Dr. Matt Hillmann
Northfield Public Schools
MASA President

Minnesota superintendents have a history of demonstrating class, perseverance, and grace under pressure. Much is required of our superintendents and central office administrators. We are an essential component of a thriving democracy in more ways than many people know or understand.

In November, 75% of Minnesota school districts with a referendum earned approval from their voters on at least one ballot question. I offer my sincere gratitude to those MASA members who worked so hard to inform the public to secure additional resources and facilities improvements for their students and congratulate those who won voter approval. As everyone reading this publication knows, leading a referendum informational campaign is a case study in patience, fortitude, and forgiveness. 

This November, many articles were written nationwide about the partisan nature of school board elections. I hope that former New York Governor Mario Cuomo’s perspective that candidates “campaign in poetry and govern in prose” becomes true as new school board members take the oath of office in January. School governance is political but can and should be non-partisan. School leaders work with those elected to ensure the focus is on what is most important — assuring all children have a genuine fair chance to pursue their version of the American dream while being good stewards of the resources entrusted to them by taxpayers. Once again, MASA members will be the ones bringing communities together after the tumult of the mid-term elections. We are engaged leaders who want what is best for our communities.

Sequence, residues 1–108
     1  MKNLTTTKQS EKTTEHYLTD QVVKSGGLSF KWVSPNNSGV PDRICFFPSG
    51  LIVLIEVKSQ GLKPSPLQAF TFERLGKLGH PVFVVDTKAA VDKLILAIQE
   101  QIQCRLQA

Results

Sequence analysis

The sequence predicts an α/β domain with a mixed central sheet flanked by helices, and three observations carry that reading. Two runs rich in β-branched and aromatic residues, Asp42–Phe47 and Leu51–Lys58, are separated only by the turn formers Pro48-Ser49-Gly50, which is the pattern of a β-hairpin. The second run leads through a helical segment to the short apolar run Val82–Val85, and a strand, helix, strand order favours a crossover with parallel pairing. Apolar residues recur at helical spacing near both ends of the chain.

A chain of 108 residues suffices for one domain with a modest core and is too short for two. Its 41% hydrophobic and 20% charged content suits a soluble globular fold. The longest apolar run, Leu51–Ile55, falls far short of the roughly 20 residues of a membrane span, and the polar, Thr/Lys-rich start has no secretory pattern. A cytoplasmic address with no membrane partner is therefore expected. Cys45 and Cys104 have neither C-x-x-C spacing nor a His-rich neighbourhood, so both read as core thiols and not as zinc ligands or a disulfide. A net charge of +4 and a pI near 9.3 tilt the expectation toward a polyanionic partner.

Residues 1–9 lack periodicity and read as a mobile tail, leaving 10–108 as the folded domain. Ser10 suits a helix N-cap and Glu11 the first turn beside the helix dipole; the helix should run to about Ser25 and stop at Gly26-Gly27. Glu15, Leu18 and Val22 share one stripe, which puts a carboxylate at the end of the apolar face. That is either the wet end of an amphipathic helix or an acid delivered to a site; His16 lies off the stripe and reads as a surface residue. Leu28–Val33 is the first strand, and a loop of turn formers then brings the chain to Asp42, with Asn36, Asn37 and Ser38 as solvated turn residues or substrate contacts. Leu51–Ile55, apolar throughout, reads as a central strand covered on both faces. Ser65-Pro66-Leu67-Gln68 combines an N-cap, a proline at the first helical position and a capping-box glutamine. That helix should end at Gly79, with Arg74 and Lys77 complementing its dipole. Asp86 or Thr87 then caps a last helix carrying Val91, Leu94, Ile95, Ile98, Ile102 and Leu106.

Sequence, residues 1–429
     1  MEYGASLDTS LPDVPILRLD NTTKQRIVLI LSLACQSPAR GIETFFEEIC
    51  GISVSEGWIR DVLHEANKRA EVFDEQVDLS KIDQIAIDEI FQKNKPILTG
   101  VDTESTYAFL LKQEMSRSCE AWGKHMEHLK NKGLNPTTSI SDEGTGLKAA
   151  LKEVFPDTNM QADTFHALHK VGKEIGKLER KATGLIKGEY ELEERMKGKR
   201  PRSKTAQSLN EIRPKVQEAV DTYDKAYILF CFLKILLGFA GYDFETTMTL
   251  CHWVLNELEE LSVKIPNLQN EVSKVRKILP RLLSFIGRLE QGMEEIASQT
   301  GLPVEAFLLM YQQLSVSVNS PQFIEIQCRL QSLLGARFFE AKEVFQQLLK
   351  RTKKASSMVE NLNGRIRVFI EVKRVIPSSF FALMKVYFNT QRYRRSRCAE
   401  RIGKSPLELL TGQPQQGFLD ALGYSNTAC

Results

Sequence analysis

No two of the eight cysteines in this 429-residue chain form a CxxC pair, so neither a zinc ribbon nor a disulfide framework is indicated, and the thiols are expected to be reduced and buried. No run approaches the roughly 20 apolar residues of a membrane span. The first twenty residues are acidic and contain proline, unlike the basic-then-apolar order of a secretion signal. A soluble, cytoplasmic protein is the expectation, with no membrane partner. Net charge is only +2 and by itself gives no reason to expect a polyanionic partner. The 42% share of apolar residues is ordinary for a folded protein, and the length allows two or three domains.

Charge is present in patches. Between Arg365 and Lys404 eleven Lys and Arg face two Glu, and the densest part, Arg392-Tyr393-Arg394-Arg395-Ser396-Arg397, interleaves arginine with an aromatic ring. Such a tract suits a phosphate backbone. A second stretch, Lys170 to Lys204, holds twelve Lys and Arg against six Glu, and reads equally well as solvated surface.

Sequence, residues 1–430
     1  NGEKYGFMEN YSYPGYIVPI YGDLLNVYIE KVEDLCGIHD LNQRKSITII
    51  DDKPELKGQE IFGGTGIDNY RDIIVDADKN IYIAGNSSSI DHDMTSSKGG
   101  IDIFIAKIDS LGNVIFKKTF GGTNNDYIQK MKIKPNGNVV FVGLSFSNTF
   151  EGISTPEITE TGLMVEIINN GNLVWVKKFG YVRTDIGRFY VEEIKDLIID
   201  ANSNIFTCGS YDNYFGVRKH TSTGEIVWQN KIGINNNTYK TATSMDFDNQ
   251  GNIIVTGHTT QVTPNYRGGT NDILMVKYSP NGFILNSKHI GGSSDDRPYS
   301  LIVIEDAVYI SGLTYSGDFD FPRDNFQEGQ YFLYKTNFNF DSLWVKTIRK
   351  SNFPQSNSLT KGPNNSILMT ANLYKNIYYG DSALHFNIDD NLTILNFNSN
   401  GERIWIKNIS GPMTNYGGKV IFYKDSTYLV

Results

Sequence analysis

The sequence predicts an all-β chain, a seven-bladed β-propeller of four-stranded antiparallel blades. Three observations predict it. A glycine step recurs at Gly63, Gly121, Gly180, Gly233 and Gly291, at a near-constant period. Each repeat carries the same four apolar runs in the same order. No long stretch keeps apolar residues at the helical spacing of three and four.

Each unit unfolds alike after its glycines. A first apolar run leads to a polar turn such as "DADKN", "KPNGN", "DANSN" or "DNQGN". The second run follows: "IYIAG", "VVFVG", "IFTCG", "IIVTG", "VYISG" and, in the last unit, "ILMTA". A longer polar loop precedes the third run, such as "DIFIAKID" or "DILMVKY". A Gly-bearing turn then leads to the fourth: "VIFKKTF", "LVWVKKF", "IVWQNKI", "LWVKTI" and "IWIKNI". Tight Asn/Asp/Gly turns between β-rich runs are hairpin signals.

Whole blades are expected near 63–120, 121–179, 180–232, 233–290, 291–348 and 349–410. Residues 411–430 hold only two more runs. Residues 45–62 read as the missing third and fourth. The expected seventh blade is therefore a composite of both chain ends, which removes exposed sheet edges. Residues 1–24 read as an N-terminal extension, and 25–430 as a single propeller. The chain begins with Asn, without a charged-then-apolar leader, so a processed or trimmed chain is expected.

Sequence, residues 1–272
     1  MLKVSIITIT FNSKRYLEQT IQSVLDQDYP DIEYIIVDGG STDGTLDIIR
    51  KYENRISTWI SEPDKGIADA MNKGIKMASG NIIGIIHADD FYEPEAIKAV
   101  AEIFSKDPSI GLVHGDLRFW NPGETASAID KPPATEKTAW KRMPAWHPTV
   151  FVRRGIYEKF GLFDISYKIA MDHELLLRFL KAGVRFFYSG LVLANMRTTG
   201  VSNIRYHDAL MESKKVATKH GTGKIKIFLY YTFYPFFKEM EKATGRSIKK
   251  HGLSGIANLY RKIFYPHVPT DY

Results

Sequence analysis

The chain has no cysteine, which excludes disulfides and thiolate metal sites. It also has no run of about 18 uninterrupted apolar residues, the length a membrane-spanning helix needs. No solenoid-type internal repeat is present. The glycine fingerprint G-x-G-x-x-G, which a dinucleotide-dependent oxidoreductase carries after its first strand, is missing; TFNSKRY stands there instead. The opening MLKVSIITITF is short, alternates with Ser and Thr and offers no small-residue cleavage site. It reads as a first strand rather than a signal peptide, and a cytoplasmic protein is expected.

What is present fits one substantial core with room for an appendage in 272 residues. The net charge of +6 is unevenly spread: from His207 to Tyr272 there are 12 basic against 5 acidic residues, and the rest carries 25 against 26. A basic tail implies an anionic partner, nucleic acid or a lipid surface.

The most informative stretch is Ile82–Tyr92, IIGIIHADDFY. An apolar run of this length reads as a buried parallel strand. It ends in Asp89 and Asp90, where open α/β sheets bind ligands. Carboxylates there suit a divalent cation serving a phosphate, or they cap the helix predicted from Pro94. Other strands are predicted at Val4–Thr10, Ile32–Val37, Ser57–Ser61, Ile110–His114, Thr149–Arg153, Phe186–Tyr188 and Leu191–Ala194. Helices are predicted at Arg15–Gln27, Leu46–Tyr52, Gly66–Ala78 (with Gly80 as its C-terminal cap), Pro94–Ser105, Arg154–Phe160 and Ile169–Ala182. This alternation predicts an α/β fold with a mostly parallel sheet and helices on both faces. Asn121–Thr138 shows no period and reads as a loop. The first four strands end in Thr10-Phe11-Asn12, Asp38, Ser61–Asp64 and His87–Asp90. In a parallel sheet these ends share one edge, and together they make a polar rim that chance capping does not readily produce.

Additionally, we must be present and assertive during the dialogue that will formally begin in St. Paul this January. There is a once-in-a-generation opportunity to complete substantial improvements and reforms for our state’s constitutionally-mandated “uniform system of public schools.” Legislative advocacy is not a spectator sport. It requires patience and persistence, tact and tenacity, and being ferocious in principle yet willing to compromise for the greater good. It takes a commitment to learn the nuances of the legislative process and to participate in it fully.

Our approach cannot prioritize lamentations or excuse-making. We must cast a vision of what public education can do for Minnesota and our communities. We must foster the relationships and create the systems that yield results. Emerging from the pandemic, we must lead our schools in delivering tangible results that make our students stronger and well-prepared to meet the promise of their futures. We must model an altruistic public service ethos that inspires our communities and unequivocally reinforces the truth that public education is the foundation of our democracy. We must prove that their faith and investments are well placed — that we are the engine that produces the next generation of leaders, thinkers, innovators, artists, and tradespeople who will help America realize its immense potential. 

It starts with your leadership. I have confidence in our MASA members to chart a trajectory that will yield excellent results for every student, for every community, and all of Minnesota.

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